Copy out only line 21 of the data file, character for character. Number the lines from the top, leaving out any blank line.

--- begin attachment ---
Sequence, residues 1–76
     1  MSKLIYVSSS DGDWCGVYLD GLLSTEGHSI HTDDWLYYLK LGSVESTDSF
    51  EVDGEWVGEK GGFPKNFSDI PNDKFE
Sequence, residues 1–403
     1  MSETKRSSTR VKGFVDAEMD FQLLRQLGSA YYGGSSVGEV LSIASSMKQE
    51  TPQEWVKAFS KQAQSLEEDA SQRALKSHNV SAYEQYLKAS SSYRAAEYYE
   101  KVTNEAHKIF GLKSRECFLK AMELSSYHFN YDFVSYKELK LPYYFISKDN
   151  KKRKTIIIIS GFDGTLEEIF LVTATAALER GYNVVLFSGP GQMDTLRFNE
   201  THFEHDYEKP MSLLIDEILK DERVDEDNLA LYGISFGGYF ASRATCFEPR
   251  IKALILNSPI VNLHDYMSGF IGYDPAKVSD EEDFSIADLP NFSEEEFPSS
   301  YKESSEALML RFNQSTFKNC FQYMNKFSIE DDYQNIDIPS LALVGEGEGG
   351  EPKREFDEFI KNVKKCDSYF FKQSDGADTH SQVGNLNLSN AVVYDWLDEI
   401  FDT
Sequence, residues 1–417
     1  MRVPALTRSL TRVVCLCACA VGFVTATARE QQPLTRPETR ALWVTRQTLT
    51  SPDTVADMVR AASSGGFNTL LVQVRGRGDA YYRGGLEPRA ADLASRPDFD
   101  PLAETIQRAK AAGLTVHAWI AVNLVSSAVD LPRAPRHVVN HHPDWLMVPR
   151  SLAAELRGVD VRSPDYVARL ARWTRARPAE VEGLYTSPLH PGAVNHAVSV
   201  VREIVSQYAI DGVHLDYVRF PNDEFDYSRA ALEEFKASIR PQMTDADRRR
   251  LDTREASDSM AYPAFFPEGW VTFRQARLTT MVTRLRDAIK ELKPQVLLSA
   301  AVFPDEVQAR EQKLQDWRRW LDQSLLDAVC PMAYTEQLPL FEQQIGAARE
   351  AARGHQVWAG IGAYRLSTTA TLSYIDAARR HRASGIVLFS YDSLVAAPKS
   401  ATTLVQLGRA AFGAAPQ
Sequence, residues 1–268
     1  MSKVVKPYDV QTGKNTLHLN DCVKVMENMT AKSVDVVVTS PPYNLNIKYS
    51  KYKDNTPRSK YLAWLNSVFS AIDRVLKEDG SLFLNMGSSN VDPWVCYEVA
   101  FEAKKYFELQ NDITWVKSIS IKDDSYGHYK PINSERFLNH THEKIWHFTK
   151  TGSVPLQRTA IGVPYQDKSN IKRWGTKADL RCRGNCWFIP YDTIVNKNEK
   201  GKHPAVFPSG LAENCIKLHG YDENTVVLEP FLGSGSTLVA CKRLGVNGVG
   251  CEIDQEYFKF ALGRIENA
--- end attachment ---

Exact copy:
   301  AVFPDEVQAR EQKLQDWRRW LDQSLLDAVC PMAYTEQLPL FEQQIGAARE